The Dr. Adawia Alousi STEM Scholarship Fund for Muslim Women provides financial assistance to American Muslim women pursuing science, technology, engineering and mathematics (STEM) fields in the United States. Launched at CAAP in 2016 with a $500,000 endowment, the Fund has awarded 64 scholarships totaling $210,000 over four years. Learn about our Alousi Scholars by clicking the years below.
About the Fund
The Alousi Fund is the first and only one of its kind, and honors the incredible legacy of pioneering pharmacologist Dr. Adawia Alousi. It is the wish of the Adawia Alousi Trust that the Dr. Adawia Alousi STEM Scholarship Fund for Muslim Women at the Center for Arab American Philanthropy (CAAP) will carry on the accomplishments of this remarkable woman. In a time when self-appointed experts attempt to define the face of the modern Muslim woman, Dr. Alousi’s life reminds us it is only Muslim women who can speak about their lives, careers and choices with true authority.
The Fund supports American Muslim women to obtain education within STEM fields – placing highest priority on immigrants and refugees. Dr. Alousi would be honored to welcome you into the sisterhood of scientists (and other STEM careers). Our hope is that beneficiaries of the Fund – Adawia Alousi Scholars – will rise to the top, epitomize excellence in their respective fields, and carry Dr. Alousi’s spirit of generosity forward.
About Dr. Adawia Alousi
Dr. Adawia Amina Alousi was born in Baghdad, Iraq in 1931 into a tight-knit family who valued education. She was the youngest girl in a family of seven children–3 sisters and 3 brothers. Her father Amin Alousi was a hydraulic engineer and insisted each of his children receive a college education. Prior to his death he left explicit instructions to his oldest son, Adawia’s brother Majid (pictured right), that he ensure each of his youngest siblings attend and graduate from college before marrying; a request which was honored. Adawia gravitated toward science and graduated from University of Baghdad with a degree in pharmacology.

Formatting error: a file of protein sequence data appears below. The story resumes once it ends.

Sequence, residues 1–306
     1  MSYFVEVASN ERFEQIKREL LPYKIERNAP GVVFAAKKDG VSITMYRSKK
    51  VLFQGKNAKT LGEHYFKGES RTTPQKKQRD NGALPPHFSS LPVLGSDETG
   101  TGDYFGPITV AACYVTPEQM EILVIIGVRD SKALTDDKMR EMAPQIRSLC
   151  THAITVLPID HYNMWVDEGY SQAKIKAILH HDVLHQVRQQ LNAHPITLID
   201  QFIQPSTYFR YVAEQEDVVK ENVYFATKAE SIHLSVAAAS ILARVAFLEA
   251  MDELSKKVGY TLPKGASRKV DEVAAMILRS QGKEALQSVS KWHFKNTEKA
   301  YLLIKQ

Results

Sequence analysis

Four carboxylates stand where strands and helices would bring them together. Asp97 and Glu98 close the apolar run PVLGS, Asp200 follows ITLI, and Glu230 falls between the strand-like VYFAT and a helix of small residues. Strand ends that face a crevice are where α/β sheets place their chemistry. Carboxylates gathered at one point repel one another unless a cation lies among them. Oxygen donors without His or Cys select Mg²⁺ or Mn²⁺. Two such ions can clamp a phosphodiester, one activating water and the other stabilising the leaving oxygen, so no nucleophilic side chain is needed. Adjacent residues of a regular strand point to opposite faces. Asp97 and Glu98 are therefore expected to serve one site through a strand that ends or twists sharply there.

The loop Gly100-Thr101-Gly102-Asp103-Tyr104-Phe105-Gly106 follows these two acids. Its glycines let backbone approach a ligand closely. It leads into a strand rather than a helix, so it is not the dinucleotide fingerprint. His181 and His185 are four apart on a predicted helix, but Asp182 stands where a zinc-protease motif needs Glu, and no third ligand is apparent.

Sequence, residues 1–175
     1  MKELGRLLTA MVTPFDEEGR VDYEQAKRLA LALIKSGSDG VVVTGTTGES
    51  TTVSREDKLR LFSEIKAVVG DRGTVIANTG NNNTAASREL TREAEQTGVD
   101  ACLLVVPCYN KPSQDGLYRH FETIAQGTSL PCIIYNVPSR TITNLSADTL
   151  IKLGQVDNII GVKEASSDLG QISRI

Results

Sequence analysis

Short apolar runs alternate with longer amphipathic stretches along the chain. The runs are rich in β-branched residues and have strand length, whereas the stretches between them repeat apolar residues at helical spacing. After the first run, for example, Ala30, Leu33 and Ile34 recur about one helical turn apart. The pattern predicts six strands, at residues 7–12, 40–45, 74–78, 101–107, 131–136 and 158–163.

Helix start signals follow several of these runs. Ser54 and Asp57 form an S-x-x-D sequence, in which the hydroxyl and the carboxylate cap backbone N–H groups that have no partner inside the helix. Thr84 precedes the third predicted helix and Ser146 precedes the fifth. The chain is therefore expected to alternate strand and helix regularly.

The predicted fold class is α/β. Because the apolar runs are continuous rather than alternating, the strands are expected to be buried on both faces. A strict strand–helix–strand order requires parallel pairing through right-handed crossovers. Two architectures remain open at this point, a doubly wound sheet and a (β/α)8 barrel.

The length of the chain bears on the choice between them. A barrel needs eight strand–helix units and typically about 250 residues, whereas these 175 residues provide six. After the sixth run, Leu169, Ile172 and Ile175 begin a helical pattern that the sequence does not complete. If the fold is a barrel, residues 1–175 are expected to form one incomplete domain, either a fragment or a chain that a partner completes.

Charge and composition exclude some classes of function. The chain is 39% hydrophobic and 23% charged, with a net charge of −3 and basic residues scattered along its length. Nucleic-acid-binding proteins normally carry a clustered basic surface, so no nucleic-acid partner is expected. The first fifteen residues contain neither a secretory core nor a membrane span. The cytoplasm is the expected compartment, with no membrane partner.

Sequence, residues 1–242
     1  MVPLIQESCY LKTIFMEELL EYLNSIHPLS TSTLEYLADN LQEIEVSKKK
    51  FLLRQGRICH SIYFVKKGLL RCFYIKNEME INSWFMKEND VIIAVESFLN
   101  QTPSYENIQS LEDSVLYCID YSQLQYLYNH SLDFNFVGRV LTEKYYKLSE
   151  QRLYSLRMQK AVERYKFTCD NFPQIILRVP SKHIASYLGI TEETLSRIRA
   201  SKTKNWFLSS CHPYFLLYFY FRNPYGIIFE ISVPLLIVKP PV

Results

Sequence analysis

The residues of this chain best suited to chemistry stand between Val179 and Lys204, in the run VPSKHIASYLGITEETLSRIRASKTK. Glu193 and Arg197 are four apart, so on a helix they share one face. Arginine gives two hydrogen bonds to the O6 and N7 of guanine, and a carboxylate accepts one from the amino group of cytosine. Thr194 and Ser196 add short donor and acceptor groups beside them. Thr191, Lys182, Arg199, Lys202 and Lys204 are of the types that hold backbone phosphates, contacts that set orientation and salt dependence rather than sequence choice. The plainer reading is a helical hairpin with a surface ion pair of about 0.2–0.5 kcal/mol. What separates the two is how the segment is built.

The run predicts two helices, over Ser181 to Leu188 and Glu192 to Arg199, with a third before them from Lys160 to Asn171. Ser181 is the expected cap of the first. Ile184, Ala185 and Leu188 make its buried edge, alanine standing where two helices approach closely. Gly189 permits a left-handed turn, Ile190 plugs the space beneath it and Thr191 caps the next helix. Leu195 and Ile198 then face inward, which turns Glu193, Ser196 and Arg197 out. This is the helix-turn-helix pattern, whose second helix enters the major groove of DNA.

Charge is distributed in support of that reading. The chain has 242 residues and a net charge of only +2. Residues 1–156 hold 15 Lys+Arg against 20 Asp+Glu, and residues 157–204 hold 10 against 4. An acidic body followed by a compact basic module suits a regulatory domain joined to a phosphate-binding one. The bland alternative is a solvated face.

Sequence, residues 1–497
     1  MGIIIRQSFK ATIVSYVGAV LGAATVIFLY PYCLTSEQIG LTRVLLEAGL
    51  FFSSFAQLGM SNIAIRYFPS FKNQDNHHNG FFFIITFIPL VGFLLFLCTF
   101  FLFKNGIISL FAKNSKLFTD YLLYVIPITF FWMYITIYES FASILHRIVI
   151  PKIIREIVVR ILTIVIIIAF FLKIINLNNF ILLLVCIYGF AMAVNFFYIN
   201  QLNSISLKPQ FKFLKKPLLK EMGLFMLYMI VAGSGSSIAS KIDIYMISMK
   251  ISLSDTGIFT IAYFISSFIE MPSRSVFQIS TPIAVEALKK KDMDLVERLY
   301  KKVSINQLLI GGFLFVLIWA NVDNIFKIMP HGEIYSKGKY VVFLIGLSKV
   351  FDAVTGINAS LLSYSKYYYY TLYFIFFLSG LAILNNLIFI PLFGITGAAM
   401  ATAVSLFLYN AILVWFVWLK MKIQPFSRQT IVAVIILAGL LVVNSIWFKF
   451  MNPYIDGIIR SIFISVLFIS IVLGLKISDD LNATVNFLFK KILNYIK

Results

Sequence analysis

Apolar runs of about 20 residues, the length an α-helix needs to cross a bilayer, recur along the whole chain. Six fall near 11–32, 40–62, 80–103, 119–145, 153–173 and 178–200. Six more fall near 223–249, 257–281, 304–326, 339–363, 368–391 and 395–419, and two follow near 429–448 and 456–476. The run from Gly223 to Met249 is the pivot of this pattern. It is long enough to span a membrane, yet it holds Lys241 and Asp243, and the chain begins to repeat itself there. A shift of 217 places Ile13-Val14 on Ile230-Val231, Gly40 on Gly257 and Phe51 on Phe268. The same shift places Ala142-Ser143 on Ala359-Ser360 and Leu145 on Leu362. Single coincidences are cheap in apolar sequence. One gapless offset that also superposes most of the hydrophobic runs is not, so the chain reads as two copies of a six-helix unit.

In 1958, Adawia’s brother Majid (a physician attending Harvard School of Public Health on scholarship) supported Adawia to come to the US for advanced studies. She graduated with a Master’s Degree from the University of Michigan in 1959 and subsequently went on to earn a Ph.D. in Pharmacology from the State University of New York. After completing a post-doctoral fellowship from Harvard Medical School in 1965, Dr. Alousi went on to lead a life of discovery and development in pharmacology. Her research was well-regarded which is reflected in the body of papers in esteemed medical journals including the New England Journal of Medicine, Circulation, and American Journal of Physiology.
Dr. Alousi’s most rewarding work was as lead scientist and Institute Fellow of Cardiovascular Pharmacology at Sterling-Winthrop Research Institute, outside of Albany, NY. She developed and brought to market a class of drugs that effectively treated congestive heart failure. She was also the lead scientist in the development of the drug Milrinone which was the first drug in its class to be FDA approved in the early 1980’s; this was such a significant accomplishment that it was highlighted on the national news. Adawia was recognized in 1986 with a woman of achievement award from New York City’s chapter of the YWCA. Her discoveries and contributions to science continue to improve and extend lives and her work has been the benchmark for pharmacological experimentation around the world.
While Dr. Alousi devoted her life to her research, seeing her as one-dimensional would miss the true beauty in which she lived her life. She was a second mother to her 15 nieces and nephews, and a second grandmother to their children; always generous in her time and money to ensure they were able to pursue their life’s passions. She loved to travel and was often accompanied on her journeys with her “sisters in science”, lifelong friends she met while studying at SUNY and Harvard. Her travels often took her throughout Europe, Asia, Africa and the Middle East (including her life-changing trip to Mecca and her never forgotten home of Baghdad, Iraq). She was a fervent lover of the arts (some of her favorite paintings were by Native American artist R.C. Gorman – pictured left), a classical music and opera enthusiast, and an avid gardener. In addition, Dr. Alousi was truly a leader in an era when very few women were recognized for their accomplishments, let alone a foreign-born Arab woman. She was a vocal proponent that women in science receive recognition for their work in an era when male colleagues would often take the credit.